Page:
Metal Hydrides pp 329-343 | Cite as

The Kinetics of Hydrogen Absorption-Desorption by Metals

  • M. A. Pick
Part of the NATO Advanced Study Institutes Series book series (NSSB, volume 76)


The rate at which hydrogen can be absorbed and desorbed by a particular metal or alloy is an important factor for hydrogen storage. It can be decisive in the question of whether it is a useful material. Many properties influence the kinetics including; the diffusion coefficient of hydrogen; the sample size or surface-tovolume ratio; the occurrence of phase transitions; the heat of solution, and related to that, the rate at which this heat can be extracted or provided during the absorption and desorption cycles respectively. Some of these factors have been dealt with in more or less detail in the past. One factor which has, received relatively little attention is the intrinsic rate of hydrogen transfer through the solid-gas interface; the surface. In the present paper I shall review some experimental studies and a theoretical model for the potential energies involved with the hydriding-dehydriding process. I shall first discuss the theoretical model in detail, then, in reviewing the experimental results, show how it applies to the model substances Nb and Ta and how two major predictions of the model are fulfilled. One of the predictions deals with the surface modifications which can enhance the hydrogen uptake rate and a second one with the temperature, coverage and pressure dependence of the sticking coefficient. Nb and Ta were chosen as model substances because most of their bulk metal-hydrogen properties such as the phase diagram, the diffusion coefficient, the solubility, the resistivity as a function of hydrogen concentration etc., have been examined in detail and are well known. Another reason is that these materials can be cleaned easily in UHV.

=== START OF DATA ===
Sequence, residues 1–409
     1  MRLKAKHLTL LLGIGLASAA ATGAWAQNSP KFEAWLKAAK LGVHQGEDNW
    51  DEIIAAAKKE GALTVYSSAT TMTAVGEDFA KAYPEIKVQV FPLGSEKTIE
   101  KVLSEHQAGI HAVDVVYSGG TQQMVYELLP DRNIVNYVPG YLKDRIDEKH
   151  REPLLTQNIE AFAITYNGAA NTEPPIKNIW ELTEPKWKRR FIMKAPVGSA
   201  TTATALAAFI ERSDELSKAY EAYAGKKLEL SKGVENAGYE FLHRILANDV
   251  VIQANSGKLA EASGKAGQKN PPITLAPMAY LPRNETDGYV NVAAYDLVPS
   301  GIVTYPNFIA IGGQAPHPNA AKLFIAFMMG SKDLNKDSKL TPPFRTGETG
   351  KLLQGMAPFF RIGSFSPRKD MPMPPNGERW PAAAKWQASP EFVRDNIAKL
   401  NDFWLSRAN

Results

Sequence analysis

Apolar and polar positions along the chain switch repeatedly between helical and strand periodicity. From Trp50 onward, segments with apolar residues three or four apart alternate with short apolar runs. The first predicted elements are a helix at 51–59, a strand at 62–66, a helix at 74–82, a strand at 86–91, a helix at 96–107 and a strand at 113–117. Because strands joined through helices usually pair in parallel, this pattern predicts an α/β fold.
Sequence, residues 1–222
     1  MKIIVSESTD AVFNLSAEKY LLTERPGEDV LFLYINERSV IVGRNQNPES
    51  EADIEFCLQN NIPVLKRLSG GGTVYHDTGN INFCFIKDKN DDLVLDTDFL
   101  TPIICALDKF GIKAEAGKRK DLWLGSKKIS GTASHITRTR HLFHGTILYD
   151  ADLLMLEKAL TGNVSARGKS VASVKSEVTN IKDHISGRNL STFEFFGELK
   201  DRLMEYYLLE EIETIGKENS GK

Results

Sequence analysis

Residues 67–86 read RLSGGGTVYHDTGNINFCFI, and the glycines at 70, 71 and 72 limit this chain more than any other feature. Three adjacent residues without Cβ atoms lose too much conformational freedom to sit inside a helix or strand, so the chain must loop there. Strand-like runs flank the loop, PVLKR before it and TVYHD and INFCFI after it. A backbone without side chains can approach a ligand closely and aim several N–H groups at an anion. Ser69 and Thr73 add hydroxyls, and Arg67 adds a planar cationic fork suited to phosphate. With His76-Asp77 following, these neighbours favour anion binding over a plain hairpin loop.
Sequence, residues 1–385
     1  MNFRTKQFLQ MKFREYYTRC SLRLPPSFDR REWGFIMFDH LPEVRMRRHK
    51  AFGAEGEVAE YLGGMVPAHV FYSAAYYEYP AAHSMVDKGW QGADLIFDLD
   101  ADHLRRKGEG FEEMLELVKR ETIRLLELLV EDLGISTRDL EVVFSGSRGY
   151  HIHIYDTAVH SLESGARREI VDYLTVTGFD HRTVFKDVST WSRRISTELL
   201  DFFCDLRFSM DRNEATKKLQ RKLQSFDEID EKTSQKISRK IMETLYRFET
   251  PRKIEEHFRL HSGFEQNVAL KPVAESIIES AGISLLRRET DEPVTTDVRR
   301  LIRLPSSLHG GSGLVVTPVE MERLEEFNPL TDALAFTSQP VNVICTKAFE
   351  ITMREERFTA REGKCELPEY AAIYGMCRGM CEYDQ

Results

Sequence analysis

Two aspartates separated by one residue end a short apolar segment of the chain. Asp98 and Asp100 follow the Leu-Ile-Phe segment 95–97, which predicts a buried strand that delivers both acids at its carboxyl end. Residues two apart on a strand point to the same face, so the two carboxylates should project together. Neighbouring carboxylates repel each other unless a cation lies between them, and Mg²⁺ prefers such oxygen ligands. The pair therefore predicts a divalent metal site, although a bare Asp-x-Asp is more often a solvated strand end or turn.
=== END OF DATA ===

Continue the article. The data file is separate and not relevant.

Hydrogen Absorption Hydrogen Storage Hydrogen Transfer Metal Hydride Sticking Coefficient 
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Copyright information

© Springer Science+Business Media New York 1981

Authors and Affiliations

  • M. A. Pick
    • 1
  1. 1.Brookhaven National LaboratoryUptonUSA

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